After Harris left, Joseph turned his attention to Emma, who, on 15 June, bore a son who died the same day. For two weeks Joseph tended her until she urged him to return to Manchester to check on the manuscript. To his dismay, the worst had happened. Martin had shown the manuscript to more than the agreed-on number, and finally, one day when he went to retrieve it, the pages were gone. Lucy Smith blamed the loss on Lucy Harris, suspecting her of stealing the manuscript with the intention of altering it. A retranslation, even if exactly the same, would make Joseph look like a fraud who was making up the text rather than translating it.

Lucy reported that when Joseph got the news, “the most bitter lamentations filled the house.”15 Joseph’s own regrets were then underscored by a revelation that chastised him for giving way to Harris and threatened him with losing the gift of translation (see D&C 3). Joseph had to give up the interpreters and the plates. At the same time, he was promised forgiveness if he repented, and on 22 September 1828 the plates and interpreters were returned (see D&C 3).

Joseph still had to deal with the consequences of losing the manuscript. For the next year and a half, he lived in fear that an altered text would appear to discredit his translation. He was warned of the danger in a revelation, and in the preface to the published Book of Mormon, he cautioned readers about the possibility of a doctored manuscript turning up. He worried that “Satan would stir up the hearts of this generation, that they might not receive this work.”16

The incident marked the end of Martin Harris’s term as secretary for the translation . For the next six months, little was accomplished until Oliver Cowdery arrived in Harmony on 5 April 1829. Cowdery was a twenty-two-year-old Vermonter who had kept store, blacksmithed, and taught school. He came from a family with a taste for the supernatural and apparently had tried water witching himself. In 1834 he attempted a history of Joseph’s visions and the rise of the Church in a series of eight letters to the Mormon newspaper, the Messenger and Advocate, in Independence, Missouri. Although close to Joseph Smith and a participant in many critical events, Cowdery is less than satisfactory as an historian. His wordy style and his proclivity to run off into meditations about the meaning of events keep getting in the way of the story. But he does tell us clearly that he arrived in Harmony on Sunday evening, April 5, helped Joseph with business matters on Monday, and began to write Book of Mormon dictation on Tuesday.17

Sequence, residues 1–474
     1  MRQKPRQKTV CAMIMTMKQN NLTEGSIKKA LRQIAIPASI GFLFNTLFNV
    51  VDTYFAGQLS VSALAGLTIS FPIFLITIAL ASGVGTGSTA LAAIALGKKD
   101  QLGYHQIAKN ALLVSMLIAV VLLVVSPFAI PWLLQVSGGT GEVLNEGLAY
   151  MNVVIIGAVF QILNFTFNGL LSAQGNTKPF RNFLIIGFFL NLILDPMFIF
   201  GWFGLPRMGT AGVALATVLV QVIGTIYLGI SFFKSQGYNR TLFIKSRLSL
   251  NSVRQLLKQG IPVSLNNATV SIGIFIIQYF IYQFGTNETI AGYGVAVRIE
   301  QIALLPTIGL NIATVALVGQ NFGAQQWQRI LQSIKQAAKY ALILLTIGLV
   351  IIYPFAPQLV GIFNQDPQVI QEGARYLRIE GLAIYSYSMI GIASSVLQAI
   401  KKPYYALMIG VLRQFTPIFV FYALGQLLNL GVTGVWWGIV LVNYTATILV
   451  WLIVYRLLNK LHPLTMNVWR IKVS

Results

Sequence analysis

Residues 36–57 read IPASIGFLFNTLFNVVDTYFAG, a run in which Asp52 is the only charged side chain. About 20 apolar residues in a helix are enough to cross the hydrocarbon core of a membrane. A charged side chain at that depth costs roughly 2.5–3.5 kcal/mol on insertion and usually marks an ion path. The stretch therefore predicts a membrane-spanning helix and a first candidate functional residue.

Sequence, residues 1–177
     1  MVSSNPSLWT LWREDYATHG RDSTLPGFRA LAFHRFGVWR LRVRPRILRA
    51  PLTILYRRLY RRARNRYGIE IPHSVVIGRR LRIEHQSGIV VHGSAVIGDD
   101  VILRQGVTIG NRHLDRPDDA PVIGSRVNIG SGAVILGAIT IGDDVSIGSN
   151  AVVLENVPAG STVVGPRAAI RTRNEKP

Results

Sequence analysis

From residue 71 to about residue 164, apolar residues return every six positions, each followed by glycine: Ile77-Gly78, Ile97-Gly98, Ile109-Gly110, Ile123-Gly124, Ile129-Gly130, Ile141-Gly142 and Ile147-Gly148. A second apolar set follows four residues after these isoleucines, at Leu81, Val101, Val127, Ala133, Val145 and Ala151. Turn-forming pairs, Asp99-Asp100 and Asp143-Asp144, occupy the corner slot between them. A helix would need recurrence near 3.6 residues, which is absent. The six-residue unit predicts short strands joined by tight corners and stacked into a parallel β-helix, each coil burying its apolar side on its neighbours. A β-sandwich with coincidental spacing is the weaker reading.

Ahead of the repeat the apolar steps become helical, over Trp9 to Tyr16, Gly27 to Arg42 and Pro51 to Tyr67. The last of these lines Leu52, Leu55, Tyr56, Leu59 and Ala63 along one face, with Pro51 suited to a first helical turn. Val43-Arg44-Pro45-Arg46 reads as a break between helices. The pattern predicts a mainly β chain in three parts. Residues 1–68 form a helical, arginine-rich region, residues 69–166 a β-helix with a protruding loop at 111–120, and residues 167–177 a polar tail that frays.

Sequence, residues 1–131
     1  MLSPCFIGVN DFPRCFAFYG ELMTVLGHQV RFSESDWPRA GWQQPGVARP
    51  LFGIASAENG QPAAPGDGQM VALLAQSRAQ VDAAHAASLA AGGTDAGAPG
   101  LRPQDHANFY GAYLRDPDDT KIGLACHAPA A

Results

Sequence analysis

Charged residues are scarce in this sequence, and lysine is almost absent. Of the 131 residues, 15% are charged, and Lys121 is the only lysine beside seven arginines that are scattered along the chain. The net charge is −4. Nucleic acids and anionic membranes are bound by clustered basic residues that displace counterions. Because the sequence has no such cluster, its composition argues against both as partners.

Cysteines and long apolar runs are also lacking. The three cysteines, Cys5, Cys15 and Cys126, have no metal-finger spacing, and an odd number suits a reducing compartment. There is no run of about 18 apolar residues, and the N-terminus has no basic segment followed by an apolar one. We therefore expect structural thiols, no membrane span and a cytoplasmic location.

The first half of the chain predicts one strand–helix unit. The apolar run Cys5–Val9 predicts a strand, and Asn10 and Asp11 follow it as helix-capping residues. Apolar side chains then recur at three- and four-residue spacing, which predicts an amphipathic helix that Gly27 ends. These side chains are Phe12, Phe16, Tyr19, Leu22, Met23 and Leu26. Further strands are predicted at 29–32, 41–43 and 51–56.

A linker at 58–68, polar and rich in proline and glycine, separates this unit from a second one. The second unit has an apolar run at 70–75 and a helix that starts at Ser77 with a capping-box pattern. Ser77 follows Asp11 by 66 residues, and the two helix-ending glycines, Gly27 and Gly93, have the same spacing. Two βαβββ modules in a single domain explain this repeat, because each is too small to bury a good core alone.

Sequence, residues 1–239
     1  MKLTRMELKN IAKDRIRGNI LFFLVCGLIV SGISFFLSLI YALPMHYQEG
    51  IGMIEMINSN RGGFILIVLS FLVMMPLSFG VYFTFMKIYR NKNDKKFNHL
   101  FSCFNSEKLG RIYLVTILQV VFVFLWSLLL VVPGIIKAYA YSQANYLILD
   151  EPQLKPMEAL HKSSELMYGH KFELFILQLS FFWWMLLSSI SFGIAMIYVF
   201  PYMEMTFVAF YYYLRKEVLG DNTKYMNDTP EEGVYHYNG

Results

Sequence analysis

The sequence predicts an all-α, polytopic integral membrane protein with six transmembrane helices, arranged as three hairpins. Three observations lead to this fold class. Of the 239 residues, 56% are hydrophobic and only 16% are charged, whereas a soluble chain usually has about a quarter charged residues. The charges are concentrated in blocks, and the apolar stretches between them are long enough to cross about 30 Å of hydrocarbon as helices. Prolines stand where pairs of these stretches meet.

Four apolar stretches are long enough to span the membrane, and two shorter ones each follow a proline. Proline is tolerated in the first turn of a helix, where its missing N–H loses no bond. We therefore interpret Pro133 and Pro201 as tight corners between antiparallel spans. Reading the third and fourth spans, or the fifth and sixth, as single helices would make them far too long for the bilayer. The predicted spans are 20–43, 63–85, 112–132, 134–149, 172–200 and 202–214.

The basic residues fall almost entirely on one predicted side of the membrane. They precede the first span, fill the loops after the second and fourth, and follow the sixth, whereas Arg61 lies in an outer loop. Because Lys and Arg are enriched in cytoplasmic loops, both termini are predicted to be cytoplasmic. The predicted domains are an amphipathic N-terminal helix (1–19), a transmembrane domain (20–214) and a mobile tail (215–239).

They labored together for three months, from April through June 1829. During that time they had to scramble for food; at one point they were saved from going out to work by Joseph Knight, who arrived from Colesville with nine or ten bushels of grain, five or six bushels of potatoes, a pound of tea, and a barrel of mackerel. In mid-May a passage in the Book of Mormon manuscript got them wondering about baptism. When they prayed, John the Baptist appeared and restored the Aaronic Priesthood.

Besides translating, Joseph received revelations for his brother Hyrum and the helpful Joseph Knight, and was instructed by the Lord to translate the small plates of Nephi rather than go back again to Lehi’s longer record. But through all of the ambient events, the main project ground on, the words coming relentlessly from Joseph’s mouth and going onto paper under Cowdery’s pen.